BELLA VISTA (KFSM) — Crews are working to extinguish an underground fire at a former stump dump in Bella Vista, with officials estimating the fire should be out by early June. E-3 Environmental, an environmental engineering firm based in Clinton, Miss., said Wednesday (May 15) it expects prep work to take two or three days…
BELLA VISTA (KFSM) — Crews are working to extinguish an underground fire at a former stump dump in Bella Vista, with officials estimating the fire should be out by early June.
E-3 Environmental, an environmental engineering firm based in Clinton, Miss., said Wednesday (May 15) it expects prep work to take two or three days before firefighting operations start Saturday (May 18).
“(E-3 anticipates) the first day or two of firefighting to be experimental days with relatively limited operations as we move into the landfill and begin exposing burning debris and simultaneously extinguishing it,” according to a statement from the company.
“This day or two of limited operations will give us a good idea of smoke and particulate generation and allow air monitoring data to give us an idea of just how aggressive we can attack the fire.”
The Bella Vista Property Owners Association, which took responsibility earlier this month for extinguishing the long-burning site on Trafalgar Road, believes the project will cost about $4 million — significantly less that early estimates of $20 million.
The former stump dump has been smoking since July 2018 when debris underground caught fire, likely sparked by a pile of burning brush, caused smoke from underground to billow up into the air.
The plan calls for excavating the burning material and either destroying it via trench burn or sorting inorganic and other potentially hazardous waste for processing.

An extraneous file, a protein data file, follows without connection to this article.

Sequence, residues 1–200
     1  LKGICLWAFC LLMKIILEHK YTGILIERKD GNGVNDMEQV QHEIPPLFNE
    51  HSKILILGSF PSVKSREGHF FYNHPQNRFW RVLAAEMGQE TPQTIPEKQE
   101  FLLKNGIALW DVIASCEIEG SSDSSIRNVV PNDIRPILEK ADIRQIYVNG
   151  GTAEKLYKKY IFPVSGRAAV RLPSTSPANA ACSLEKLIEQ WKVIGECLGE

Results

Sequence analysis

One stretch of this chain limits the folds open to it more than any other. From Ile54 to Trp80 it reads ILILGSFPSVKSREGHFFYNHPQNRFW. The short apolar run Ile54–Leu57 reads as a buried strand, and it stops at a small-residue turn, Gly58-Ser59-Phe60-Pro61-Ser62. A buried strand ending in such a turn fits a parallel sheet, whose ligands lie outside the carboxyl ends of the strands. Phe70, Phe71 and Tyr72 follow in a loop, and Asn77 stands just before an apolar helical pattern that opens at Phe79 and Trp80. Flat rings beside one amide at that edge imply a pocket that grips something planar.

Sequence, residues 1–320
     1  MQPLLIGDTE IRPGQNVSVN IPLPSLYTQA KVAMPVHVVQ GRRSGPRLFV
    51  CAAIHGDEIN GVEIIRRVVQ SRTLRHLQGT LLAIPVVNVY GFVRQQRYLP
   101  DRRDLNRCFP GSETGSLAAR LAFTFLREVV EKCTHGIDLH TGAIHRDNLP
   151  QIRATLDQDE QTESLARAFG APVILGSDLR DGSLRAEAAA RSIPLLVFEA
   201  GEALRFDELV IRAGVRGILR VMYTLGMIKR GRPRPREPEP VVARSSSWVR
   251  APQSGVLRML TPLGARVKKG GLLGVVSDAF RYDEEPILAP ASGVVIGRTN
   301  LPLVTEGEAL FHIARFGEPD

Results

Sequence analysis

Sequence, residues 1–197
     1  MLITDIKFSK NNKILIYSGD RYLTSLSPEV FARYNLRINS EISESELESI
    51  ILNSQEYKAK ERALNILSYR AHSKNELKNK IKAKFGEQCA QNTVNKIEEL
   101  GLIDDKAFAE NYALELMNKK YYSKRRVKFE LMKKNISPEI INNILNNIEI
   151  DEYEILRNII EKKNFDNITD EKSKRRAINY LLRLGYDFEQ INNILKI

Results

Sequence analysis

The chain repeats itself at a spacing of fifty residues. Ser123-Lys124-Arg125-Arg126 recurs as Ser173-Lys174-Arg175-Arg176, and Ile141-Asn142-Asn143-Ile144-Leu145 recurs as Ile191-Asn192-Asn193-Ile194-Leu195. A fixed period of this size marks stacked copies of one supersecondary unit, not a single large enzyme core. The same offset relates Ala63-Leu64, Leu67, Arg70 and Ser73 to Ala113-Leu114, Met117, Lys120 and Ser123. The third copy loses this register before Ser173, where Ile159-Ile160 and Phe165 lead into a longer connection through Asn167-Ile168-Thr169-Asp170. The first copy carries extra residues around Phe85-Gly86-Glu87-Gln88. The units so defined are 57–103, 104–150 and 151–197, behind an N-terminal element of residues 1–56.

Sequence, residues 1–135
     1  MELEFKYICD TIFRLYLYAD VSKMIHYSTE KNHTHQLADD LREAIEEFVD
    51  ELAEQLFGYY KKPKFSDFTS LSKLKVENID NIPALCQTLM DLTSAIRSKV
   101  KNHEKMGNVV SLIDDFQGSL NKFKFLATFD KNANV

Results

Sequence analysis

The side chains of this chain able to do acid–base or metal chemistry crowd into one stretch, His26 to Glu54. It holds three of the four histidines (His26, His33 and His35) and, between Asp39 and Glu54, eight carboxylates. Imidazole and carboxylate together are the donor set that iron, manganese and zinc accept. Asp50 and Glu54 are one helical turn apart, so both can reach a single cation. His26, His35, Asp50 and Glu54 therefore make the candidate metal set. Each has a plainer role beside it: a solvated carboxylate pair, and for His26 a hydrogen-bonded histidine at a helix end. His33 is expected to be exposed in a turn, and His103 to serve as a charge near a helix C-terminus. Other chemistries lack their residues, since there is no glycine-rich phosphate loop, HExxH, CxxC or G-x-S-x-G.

Officials believe a bulk of the waste is wood material. However, early excavation work revealed metal, tires, construction material, and hazardous substances inside the former dump.
Tom Judson, the POA’s chief operating officer, has cautioned that the smoke around the site likely will “get worse before it gets better.”
“Potentially, the smoke can be — when we’re putting it out — worse than we have seen to date,” Judson said.
“We want to make sure our residents are aware of that. When you’re removing that material, opening it up, all that oxygen is going to go in there. The fire is going to flare up, and it’s going to generate more smoke.”
The POA’s timeline gives a tentative deadline of June 13, with site stabilization to follow “ASAP” after the fire is extinguished, according to a agreement between the POA and the Arkansas Department of Environmental Quality (ADEQ).
Under the agreement, ADEQ can grant extensions and must be notified about any delays.
Center for Toxicology & Environmental Health, of Little Rock, will provide air monitoring throughout the remediation project.
Data collected by the Arkansas Department of Health (ADH) from ADEQ monitors near the fire showed the air quality has been primarily in the “good” category for April and May.
Plans for the project can be viewed the POA’s website, where it’s also providing daily updates.
The stump dump was leased by the POA from 2008 to 2016. Brown’s Tree Care currently owns the property.
It was used as a collection area for residents’ stumps, brush and leaves. The POA closed the stump dump down in 2016 after it reached capacity.
The POA is part of a lawsuit accusing several Bella Vista entities of operating an illegal dump at the site and negligently endangering residents’ health and safety.
Frank Bailey filed the lawsuit last fall on behalf of Curtis Macomber and his family. Macomber alleges the fire is a health hazard, adding that smoke wafted from the site onto his land.
The suit seeks unspecified compensatory damages for pain and suffering, as well as punitive damages to deter “reckless conduct in the future,” according to court documents.
Other defendants include Brown’s Tree Care, Blue Mountain Storage and Cooper Communities — which developed Bella Vista in the 1960s as a retirement destination.